837.00/3537: Telegram

The Ambassador in Cuba (Welles) to the Acting Secretary of State

72. My No. 68 [69], June 2, noon. I had a further interview with the President last night.

I told the President quite frankly that I felt it was a mistaken policy on his part to reiterate in public statements his determination not to leave the Presidency until 1935 and particularly to allege in such statements that the Opposition is inconsiderable and that an overwhelming majority of the Cuban people support him and his followers. I remarked that while I was entirely in accord as I had previously stated to him with belief that he should not at the present time give any indication that he would consider retiring from the Presidency before the expiration of his term of office inasmuch as such indication would weaken his control over the Congress and over the Army yet I did not feel that it was in accord with his determination to pursue a conciliatory policy for him to continue to provoke by intemperate statements the hostility of the Opposition factions. I told him that after his last public interview it had caused me the greatest personal effort to prevent certain of the Opposition factions from a further resort to terrorism and violence and that I had no confidence whatever that I could prevent a recurrence of open hostilities if he persisted in such provocation.

I stated that three of his foremost political opponents, the directors of the student and professorial groups and the directors of the A B C organization, now supported my mediation and that if we were to have any useful results therefrom it was, in my judgment, essential for the President not only to determine, as he has, upon a policy of conciliation but also to make known to the public that such is his intent.

I suggested therefore, that he advise the Cuban people within the next few days that he had reached a decision on the following three points:

That he considered the basis of an adjustment of the political situation could be reached through a reform of the existing constitution which reform should be taken with a minimum of delay and [Page 303] in the drafting of which all shades of public opinion should have full representation in order that the new constitution should favor no individual and no political party but should be of benefit both immediate as well as future to the Cuban people as a whole.
That in his opinion the suppression of the Vice-Presidency by the last constitution had been a fundamental error and that the Vice-Presidency should be restored not only for the constitutional term commencing in 1935 but through a transitory provision in the new constitution for the remainder of the existing Presidential term as well.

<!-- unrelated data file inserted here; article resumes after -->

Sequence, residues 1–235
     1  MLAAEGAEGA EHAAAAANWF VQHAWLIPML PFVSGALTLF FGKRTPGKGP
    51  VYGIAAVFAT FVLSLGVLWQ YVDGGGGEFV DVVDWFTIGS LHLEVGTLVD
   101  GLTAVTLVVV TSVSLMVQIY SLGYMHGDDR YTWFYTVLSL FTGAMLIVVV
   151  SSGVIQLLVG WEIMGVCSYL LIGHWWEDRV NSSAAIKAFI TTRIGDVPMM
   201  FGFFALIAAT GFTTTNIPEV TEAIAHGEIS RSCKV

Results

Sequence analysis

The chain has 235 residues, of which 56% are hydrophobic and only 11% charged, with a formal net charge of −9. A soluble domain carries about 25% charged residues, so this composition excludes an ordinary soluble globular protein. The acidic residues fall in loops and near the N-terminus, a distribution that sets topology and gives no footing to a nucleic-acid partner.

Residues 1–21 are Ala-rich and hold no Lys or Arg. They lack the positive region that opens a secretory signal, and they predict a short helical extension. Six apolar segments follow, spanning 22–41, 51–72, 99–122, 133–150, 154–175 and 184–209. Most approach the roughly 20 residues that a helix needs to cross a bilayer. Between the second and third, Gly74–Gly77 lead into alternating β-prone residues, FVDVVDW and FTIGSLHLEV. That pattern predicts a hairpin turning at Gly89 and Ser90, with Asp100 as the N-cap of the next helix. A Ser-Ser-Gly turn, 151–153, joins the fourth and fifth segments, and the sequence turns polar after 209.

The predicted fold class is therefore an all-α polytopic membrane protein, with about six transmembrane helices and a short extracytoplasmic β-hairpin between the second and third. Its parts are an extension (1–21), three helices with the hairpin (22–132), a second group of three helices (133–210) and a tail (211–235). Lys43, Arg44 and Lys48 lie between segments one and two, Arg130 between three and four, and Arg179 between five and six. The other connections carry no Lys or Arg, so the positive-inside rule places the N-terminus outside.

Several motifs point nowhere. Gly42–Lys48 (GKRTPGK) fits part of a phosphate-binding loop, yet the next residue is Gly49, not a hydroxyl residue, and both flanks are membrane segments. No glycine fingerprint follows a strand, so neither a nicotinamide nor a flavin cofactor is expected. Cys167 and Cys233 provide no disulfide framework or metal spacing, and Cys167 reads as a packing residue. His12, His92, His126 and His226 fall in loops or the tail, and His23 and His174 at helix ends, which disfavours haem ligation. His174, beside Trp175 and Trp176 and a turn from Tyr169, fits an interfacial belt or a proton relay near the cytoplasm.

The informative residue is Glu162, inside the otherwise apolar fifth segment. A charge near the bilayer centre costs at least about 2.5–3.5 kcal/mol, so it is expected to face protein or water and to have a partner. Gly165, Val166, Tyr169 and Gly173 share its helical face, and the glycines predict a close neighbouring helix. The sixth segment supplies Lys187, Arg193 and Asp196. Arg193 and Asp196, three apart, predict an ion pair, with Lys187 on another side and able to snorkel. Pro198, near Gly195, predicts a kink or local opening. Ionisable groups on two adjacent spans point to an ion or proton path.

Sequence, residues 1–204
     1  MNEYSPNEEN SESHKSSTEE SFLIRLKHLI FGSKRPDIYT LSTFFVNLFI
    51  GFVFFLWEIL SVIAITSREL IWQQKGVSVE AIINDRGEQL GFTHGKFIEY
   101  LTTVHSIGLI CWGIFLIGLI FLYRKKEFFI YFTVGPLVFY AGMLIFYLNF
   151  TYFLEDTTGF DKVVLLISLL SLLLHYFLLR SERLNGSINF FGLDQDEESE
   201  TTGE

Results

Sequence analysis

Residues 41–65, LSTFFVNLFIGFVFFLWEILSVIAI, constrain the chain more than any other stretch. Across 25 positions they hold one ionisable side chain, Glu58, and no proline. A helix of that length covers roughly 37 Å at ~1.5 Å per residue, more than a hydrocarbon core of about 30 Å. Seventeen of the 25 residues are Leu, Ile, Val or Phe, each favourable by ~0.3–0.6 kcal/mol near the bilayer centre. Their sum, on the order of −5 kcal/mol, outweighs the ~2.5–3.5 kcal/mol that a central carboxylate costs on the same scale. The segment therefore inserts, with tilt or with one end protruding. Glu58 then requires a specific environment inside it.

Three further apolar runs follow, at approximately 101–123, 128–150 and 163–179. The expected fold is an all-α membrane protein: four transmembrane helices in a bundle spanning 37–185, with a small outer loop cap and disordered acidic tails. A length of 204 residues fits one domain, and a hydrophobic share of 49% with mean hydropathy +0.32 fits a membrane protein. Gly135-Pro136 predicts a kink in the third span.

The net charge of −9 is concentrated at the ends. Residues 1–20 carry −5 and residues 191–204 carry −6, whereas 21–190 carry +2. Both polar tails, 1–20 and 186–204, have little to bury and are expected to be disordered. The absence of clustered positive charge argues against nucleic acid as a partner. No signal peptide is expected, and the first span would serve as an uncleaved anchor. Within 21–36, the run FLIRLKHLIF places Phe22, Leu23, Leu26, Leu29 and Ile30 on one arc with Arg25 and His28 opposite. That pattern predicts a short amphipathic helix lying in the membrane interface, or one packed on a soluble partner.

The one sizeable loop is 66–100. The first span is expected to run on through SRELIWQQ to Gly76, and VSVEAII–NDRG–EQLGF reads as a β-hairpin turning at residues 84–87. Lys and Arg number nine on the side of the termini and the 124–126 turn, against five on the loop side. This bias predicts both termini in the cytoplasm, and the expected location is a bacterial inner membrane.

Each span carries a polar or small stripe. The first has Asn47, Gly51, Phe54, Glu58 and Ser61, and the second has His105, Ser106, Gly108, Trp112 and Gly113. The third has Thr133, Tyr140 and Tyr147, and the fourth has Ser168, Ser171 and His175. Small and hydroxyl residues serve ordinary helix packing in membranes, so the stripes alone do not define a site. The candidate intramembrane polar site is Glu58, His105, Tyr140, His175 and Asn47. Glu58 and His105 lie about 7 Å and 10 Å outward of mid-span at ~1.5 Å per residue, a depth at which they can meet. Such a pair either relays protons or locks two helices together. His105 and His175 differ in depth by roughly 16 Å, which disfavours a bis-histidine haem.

That in his judgment, in view of the present political situation, the individual to hold the office of Vice-President during the remainder of the present Presidential term should be a citizen of outstanding reputation who had not taken an active part in political strife and who should be recognized as impartial by all groups and by all parties.

The President told me that he would comply with my suggestion and that he would make such public declaration on Thursday of this week. He further stated that before making such public statement he would submit a draft of it to me for any amendment that I might desire to suggest.

I further requested the President now to relax the censorship on the representative newspapers of the Republic in such a manner as to permit reasoned declarations to be made by members of the Opposition. I said that I was anxious that Doctor de la Torriente, for example, be given full liberty to make statements of this character through the press. I told him that Dr. de la Torriente had already prepared a statement urging the acceptance of mediation on the Government of the United States in order that an adjustment of the political situation here might be found and that I felt the publication of such a statement would be highly useful at this juncture. The President gave orders in my presence that this be done. I believe that with the publication of the President’s declaration above referred to there will be a very distinct change for the better in public sentiment here. The revulsion caused by the President’s last public statement was extremely violent and during the whole day of last Saturday I was very fearful that the situation could not be controlled. Both former Chief Justice Gutierrez Veneos and Doctor de la Torriente, as well as the leaders of the student and of the so-called intellectual groups, have, however, been extremely helpful and it was due in great part to their cooperation that the situation improved.

Notwithstanding the statements made yesterday by Doctor de la Torriente I am positively advised that Mendieta, Mendez Peñate, and Gómez will join in the mediation negotiations. Menocal, however, is still recalcitrant and insists that the only sortition he will accept is one to be obtained through revolution. In this connection I beg to inquire [Page 304] whether the Secretary before his departure from Washington requested, as I had asked, that the Department of Justice take immediate steps to prevent the shipment of arms and ammunition from Florida to Cuba as well as the sending of any expeditionary forces from there. It is imperative, as I indicated in my personal letter to the Secretary of May 20th,23 that local authorities in Florida be prevented from assisting General Menocal and his followers in Miami to violate the neutrality laws of the United States and by so doing jeopardize my present hope of succeeding in finding a peaceful and constitutional solution for the Cuban problem.

I beg to request that a copy of this telegram be sent to the President for his information.

  1. Not found in Department files.